#I fail to see the relevance of your comment about Hizbullah’s influence in south Lebanon relating to the lack of Syrian troops in south Lebanon. I referred to “Syrian political cover” granting Hizbullah autonomy in the south to pursue its anti-Israel agenda, nothing about Syrian soldiers. I think you misunderstood one of the main points in the article. Hizbullah risks losing its military capabilities if Syria withdraws its “political cover”. Hizbullah does not want to lose its military wing. The shared Hizbullah/Amal electoral lists prior to the municipal elections last year were accepted by Hizbullah as the price of doing business with the Syrians. If Hizbullah and Amal run on rival lists in this year’s parliamentary elections, I suspect that Hizbullah will inflict an even greater defeat on Amal than they I last year. (No: I understood your point here. But I am saying that weapons will continue to flow and the Lebanese Army as you know has also helped Hizbullah. But Hizbullah's political room for action (politically if not militarily) may expand. And you know that Hizbullah (especially at leadership levels) does not have fond memories of Syrian takeover of Beirut in 1987 and the killing of Hizbullah people at the Fathallh barracks. Syria is also responsible for the political order in Lebanon that benefited Amal more than Hizbullah. Hizbullah may now become more ambitious if it finds a context where every sect and every party is rushing to find a turf or zone.)
#Everyone meddles to a greater or lesser degree in Lebanese affairs. But I don’t think it would be too outrageous of me to say that Syrian meddling has outdone US, French, Israeli etc meddling in recent years (i.e. post 1990). (Everybody "meddles". That is my point. But what kind of statement is that? That remind me of Kissinger's phrase "constructive ambiguity" or of the Balfour Declaration's reference to "existing non-Jewish communities in Palestine". Everybody meddles seems to cancel out meddling, or single out--in your article--one meddling over others. And it is not true that everybody meddles. China and Russia do not meddle in Lebanese affairs, and Egypt has not meddled in years. The ones that meddle are primarily: Syria, US, France, and Israel. But your generalization should not minimize Syrian meddling as it should not of US meddling. Also, there are times and charts of meddling. When one goes up, the other goes down, etc. US and French meddling as of late is very very high. Israel (with American support and cover) ran Lebanon in 1983 under Amin Gemayyel.)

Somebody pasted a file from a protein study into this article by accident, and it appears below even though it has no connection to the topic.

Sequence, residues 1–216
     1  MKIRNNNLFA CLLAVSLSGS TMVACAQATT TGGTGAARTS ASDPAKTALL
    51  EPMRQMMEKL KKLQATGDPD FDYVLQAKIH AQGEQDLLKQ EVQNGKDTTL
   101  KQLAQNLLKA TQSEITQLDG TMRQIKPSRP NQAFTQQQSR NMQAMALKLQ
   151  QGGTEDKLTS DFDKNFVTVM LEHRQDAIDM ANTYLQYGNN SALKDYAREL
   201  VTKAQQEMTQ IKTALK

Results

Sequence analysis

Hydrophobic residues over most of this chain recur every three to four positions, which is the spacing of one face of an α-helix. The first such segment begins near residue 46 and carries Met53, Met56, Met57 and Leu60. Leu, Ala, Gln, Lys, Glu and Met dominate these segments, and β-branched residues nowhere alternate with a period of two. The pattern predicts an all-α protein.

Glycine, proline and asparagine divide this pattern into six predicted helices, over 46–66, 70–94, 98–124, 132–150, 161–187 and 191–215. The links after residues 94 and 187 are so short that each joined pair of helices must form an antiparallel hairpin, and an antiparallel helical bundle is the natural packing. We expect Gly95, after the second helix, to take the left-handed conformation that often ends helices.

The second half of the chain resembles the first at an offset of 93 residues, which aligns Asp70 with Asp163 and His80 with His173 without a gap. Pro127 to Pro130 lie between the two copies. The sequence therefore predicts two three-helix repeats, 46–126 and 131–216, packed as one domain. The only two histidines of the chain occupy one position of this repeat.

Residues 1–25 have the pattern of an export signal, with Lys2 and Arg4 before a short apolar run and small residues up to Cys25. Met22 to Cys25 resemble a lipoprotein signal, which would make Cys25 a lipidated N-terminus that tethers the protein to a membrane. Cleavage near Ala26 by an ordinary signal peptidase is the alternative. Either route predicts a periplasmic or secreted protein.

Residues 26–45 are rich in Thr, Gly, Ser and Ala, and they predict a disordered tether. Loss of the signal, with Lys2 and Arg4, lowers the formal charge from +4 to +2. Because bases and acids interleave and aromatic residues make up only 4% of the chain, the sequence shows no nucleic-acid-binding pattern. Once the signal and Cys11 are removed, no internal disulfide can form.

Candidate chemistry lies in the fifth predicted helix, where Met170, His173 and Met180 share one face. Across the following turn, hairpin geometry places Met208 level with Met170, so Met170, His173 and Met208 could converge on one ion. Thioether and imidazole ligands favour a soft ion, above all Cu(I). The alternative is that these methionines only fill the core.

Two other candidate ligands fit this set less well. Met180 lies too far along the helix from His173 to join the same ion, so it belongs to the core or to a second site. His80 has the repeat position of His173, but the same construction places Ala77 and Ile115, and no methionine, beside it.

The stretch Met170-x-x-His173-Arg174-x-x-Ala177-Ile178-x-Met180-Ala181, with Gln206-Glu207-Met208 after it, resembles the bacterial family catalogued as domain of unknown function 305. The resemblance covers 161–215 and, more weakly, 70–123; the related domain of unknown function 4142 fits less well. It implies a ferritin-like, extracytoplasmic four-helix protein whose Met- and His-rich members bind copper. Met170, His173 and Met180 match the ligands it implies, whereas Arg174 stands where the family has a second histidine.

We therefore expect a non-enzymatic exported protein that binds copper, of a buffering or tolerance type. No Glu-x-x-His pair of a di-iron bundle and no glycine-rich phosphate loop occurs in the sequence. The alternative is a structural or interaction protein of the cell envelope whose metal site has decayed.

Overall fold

#I didn’t write about the Israeli occupation because I was not asked to write about the Israeli occupation. If you want to read what I have written about the Israeli occupation, the Daily Star archives will give you more than enough of my past articles about Hizbullah and the Israelis in south Lebanon to cure the most persistent case of insomnia. (You were not asked to write about Israel but about Lebanon, but yet you wrote of Syria, as you should have, but not about Israel. But how could Israel not figure when Bush, yes Bush, has asked Israel to reduce its statements on Lebanon because it may spoil the US/French scheme for the country. Certainly Syria has its own scheme, but so does Israel and so does US/France. The impact of Israel's past (and presence) is quite substantial on Lebanese political discourse and life, as you know living there).
Best wishes,
Nicholas Blanford

Wednesday, March 23, 2005

The Empire of Lights, 1954. René Magritte. Posted by Hello
"Over dinner in Brussels last month, President Bush and French President Jacques Chirac hashed out a strategy to force a Syrian withdrawal from Lebanon that included keeping pressure on Damascus and accepting a political role for the powerful Lebanese militant group Hezbollah."

A Palestinian...resisting. Posted by Hello
"There were 7,258 multinationals in 1969. By 2000, there were 63,000, with 80% of the world’s industrial output."
The book burners of Egypt (and regime puppets) have spoken: the Official Ifta' (religious edict-issuing authority) Department in Egypt has ruled that women cannot preside over Muslims in prayers. Angry Arab has officially ruled that the opinions of those clerics are to be discarded, NOW.
What the New York Times (and Saudi-owned Arab media) will not report: As-Safir reports that explosives were placed in Rufayd (in Rashayya Al-Wadi in Lebanon) in an area where Syrian workers live and work. No injuries were reported.